Burger King

South Africa’s King of flankers Schalk Burger will play for the Barbarians at Twickenham – and is being courted to sign for Toulon in 2014.

Burger has not played rugby since tearing knee ligaments in February 2012 and then suffering from bacterial meningitis, which threatened his life. He was in intensive care for a fortnight and in hospital for a month.

Burger is the best flanker to have played for South Africa in the modern era. If Toulon sign him it would mean the entire 2007 World Cup winning Springbok starting loose-trio (Danie Rossouw, Juan Smith and Burger) would be playing for Toulon. Former Springbok flanker Joe van Niekerk has been playing at Toulon for the last five years.

Here’s a piece I wrote for SportsClub magazine celebrating the career of Burger and suggesting that he will be back – and when returns he won’t settle for just playing club, provincial or regional rugby.

Schalk Burger will play rugby again – and one of South Africa’s greatest loose-forwards is determined that he won’t settle for anything less than playing his way back into the Springbok squad.

Burger has never had to be taught lessons that there is life beyond rugby. The popular flanker has always espoused the virtues of a good glass of red wine, of rugby being a sport and a profession but never an obsession.

He is an international player who has never lived in the bubble of rugby professionalism. His father, Schalk Burger senior, was a Springbok and is a larger than life figure.

The Burger family love life in Wellington, South Africa. They embrace the joys of family, of farm life and of being South Africans. They’re a proud lot – proud of their heritage and equally proud of being South Africans in this age.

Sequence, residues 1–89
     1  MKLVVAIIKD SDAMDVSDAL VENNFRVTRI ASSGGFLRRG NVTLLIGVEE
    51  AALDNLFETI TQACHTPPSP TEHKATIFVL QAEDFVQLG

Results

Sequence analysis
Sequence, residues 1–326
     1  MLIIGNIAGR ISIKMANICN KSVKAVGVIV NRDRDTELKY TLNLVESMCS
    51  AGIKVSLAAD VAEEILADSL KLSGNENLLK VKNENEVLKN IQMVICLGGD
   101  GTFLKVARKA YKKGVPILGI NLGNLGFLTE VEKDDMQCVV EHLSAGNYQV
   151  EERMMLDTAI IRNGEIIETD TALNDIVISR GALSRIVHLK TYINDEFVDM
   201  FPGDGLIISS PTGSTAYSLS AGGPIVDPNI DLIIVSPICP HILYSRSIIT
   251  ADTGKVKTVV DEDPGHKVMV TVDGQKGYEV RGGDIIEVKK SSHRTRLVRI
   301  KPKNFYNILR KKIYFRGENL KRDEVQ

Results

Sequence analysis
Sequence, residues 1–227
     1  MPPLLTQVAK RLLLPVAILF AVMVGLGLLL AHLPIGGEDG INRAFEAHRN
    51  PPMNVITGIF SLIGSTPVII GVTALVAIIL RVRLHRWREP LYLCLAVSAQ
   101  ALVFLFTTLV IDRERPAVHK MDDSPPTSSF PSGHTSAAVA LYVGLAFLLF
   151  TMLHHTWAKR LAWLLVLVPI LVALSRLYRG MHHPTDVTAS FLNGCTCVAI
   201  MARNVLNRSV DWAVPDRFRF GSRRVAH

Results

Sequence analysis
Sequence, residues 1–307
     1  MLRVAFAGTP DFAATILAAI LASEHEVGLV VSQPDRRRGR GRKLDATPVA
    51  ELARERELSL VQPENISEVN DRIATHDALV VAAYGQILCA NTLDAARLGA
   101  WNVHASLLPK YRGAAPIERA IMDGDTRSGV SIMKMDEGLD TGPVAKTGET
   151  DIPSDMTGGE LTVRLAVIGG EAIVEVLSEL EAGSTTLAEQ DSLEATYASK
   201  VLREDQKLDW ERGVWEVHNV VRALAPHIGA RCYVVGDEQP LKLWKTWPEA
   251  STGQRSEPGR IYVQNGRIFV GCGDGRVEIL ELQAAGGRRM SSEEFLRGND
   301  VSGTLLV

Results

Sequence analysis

Burger, in his prime, was consistently ranked among the game’s best loose-forwards alongside New Zealand’s Richie McCaw and Australia’s George Smith. Whereas the latter two specialized as open-side flankers, Burger played as an open-sider, a closed-side option and even at No 8. He is probably at his most effective at No 8 or closed-side flanker when carrying the ball, but he could be as destructive in contesting the ball at the breakdown.

His international debut was low key at the 2003 World Cup but his first full season under Bok coach Jake White in 2004 was exceptional. It wouldn’t be inaccurate to describe his impact in 2004 and 2005 as extraordinary.

He was fearless and, in South Africa, without comparison.

‘He gives you the presence of three players and plays with a contribution of two. He is one of the best players I’ve ever coached,’ former Bok coach and Brumbies coach Jake White told me on several occasions.

White used to have a standard answer to anyone who questioned Burger’s right to selection in his days as Bok coach.

‘I’ll send Schalk and the next guy into a room with the jersey and close the door. The guy who comes out with the jersey is the one I will be picking … I can give you a guarantee it won’t be the other guy.’

White described Burger as a once in a generation type of player, as he has done when asked to elaborate about Australia’s Smith, whom he worked with at the Brumbies this season, and New Zealand’s McCaw.